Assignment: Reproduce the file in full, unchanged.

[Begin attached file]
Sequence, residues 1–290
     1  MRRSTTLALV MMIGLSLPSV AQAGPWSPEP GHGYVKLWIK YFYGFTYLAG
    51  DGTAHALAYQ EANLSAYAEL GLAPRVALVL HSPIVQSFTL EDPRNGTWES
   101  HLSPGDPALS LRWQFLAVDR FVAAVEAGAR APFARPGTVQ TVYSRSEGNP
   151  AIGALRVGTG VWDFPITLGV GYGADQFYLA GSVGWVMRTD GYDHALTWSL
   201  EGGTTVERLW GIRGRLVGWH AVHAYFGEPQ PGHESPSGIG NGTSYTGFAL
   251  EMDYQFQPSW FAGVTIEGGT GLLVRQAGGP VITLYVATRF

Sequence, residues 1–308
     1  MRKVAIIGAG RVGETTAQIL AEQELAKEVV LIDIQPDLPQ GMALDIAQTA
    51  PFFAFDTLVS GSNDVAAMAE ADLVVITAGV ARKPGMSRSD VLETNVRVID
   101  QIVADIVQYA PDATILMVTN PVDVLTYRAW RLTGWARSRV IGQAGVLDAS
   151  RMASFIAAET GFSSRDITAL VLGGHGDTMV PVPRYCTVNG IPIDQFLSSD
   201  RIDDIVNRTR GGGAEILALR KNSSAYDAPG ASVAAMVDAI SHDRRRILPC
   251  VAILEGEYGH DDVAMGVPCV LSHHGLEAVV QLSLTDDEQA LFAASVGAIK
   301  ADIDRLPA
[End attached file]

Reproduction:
Sequence, residues 1–290
     1  MRRSTTLALV MMIGLSLPSV AQAGPWSPEP GHGYVKLWIK YFYGFTYLAG
    51  DGTAHALAYQ EANLSAYAEL GLAPRVALVL HSPIVQSFTL EDPRNGTWES
   101  HLSPGDPALS LRWQFLAVDR FVAAVEAGAR APFARPGTVQ TVYSRSEGNP
   151  AIGALRVGTG VWDFPITLGV GYGADQFYLA GSVGWVMRTD GYDHALTWSL
   201  EGGTTVERLW GIRGRLVGWH AVHAYFGEPQ PGHESPSGIG NGTSYTGFAL
   251  EMDYQFQPSW FAGVTIEGGT GLLVRQAGGP VITLYVATRF

Sequence, residues 1–308
     1  MRKVAIIGAG RVGETTAQIL AEQELAKEVV LIDIQPDLPQ GMALDIAQTA
    51  PFFAFDTLVS GSNDVAAMAE ADLVVITAGV ARKPGMSRSD VLETNVRVID
   101  QIVADIVQYA PDATILMVTN PVDVLTYRAW RLTGWARSRV IGQAGVLDAS
   151  RMASFIAAET GFSSRDITAL VLGGHGDTMV PVPRYCTVNG IPIDQFLSSD
   201  RIDDIVNRTR GGGAEILALR KNSSAYDAPG ASVAAMVDAI SHDRRRILPC
   251  VAILEGEYGH DDVAMGVPCV LSHHGLEAVV QLSLTDDEQA LFAASVGAIK
   301  ADIDRLPA